Chenoa Manor's Teen Program: Finding Common Ground Between At-Risk Youth and Abused Animals

Everyone and everything deserves a second chance, and veterinarian Rob Teti offers a new perspective on life for abused animals and their human counterparts.



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Teti bought the 25-acre property in 2000, forming his all-volunteer nonprofit three years later. Now, Chenoa is actually two sanctuaries in one. Almost from the start, Teti saw a link between at-risk and overlooked teens and unwanted and abused farm animals. Chenoa serves 300-500 kids a year in small groups of up to 15.  “It’s not so much what I’m doing as just being here,” Teti says. “The experience enriches teens’ lives and opens their eyes. They see themselves as part of something greater, and they see that they, as individuals, matter. I see myself as a facilitator—the one who lets it happen, the person who opens those gates.”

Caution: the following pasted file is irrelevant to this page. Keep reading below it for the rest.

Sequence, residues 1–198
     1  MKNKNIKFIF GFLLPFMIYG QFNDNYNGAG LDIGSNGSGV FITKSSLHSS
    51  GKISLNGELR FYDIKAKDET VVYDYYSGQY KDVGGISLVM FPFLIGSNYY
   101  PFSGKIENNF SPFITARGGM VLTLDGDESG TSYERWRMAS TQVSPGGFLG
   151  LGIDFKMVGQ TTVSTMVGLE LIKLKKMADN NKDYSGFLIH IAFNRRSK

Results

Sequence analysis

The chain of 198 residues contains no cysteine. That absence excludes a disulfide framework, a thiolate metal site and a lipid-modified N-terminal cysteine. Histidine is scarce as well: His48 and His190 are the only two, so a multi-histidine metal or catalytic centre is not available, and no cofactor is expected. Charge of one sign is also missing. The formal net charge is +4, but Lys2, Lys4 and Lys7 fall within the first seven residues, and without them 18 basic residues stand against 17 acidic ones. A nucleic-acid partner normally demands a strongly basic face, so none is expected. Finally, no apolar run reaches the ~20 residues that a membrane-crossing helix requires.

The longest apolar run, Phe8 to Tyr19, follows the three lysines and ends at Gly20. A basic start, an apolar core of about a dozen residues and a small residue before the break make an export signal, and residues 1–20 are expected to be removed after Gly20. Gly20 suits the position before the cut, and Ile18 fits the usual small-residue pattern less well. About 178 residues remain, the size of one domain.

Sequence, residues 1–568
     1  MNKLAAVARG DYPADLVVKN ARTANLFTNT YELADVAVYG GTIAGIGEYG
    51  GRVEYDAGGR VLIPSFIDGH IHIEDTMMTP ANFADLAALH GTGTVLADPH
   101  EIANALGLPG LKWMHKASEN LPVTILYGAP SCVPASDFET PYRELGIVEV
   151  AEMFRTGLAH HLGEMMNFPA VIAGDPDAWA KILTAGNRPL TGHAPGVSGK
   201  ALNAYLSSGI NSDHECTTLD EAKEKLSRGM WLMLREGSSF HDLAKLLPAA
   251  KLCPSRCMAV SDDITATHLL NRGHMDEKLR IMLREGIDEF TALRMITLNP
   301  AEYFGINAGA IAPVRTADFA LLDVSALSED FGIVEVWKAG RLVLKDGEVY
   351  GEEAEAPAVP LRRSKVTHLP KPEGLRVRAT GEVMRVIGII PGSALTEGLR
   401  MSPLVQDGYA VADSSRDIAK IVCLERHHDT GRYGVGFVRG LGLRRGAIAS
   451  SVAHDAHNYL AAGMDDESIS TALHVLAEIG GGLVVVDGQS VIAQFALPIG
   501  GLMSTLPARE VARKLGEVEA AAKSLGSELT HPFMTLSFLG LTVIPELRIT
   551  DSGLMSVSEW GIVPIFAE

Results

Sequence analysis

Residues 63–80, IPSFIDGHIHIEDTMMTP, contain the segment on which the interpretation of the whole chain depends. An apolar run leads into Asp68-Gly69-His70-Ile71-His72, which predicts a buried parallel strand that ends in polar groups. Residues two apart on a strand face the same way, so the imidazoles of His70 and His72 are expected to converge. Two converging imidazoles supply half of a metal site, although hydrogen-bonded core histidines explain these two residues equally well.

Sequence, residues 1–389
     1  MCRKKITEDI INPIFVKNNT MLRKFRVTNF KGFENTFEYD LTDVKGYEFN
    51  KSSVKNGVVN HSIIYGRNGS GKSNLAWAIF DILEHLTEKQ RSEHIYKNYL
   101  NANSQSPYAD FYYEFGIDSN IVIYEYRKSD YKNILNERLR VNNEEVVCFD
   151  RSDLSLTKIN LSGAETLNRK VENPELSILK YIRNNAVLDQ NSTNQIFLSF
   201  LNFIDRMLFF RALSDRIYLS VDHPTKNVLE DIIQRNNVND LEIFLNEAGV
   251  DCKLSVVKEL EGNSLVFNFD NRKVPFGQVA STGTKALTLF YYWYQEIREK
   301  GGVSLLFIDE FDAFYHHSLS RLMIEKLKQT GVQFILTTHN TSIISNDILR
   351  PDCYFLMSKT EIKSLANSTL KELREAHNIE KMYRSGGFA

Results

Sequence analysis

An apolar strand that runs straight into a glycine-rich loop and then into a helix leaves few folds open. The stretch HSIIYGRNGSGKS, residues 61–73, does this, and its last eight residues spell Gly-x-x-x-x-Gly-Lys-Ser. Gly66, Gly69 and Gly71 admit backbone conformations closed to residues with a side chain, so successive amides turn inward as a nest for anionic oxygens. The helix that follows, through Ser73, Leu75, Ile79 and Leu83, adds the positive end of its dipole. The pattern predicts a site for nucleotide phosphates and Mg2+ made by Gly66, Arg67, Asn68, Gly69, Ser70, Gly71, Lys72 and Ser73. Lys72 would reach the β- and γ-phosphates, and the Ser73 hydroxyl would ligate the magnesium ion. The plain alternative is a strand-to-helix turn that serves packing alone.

Now a neuroscience major at Temple University, Watson grew up in urban Coatesville, where the only galloping horses he saw were on TV. At Chenoa, he quickly learned to never invade an animal’s space, or you risk being seen as a predator. “I’ve learned about spirituality, too,” he says. “When an animal dies here, it’s different than when a person dies. The other animals don’t mourn. It’s more natural.”

In Chenoa’s unique program, there’s a level playing field, and the fostering of a mutual sense of compassion and respect. If the animals aren’t receptive on a given day, volunteers stay busy doing something else on the farm. “The kids develop
their own personalities in many ways,” says Teti. “Nothing is forced.”

Teti grew up in downtown Kennett Square, though his parents had a farm an hour south of Rome, Italy. As a student at Ursinus College, he majored in biology, but he also took psychology and world literature courses. In 2000, he earned his doctorate in veterinary medicine from Ross University on the island of St. Kitts.
 

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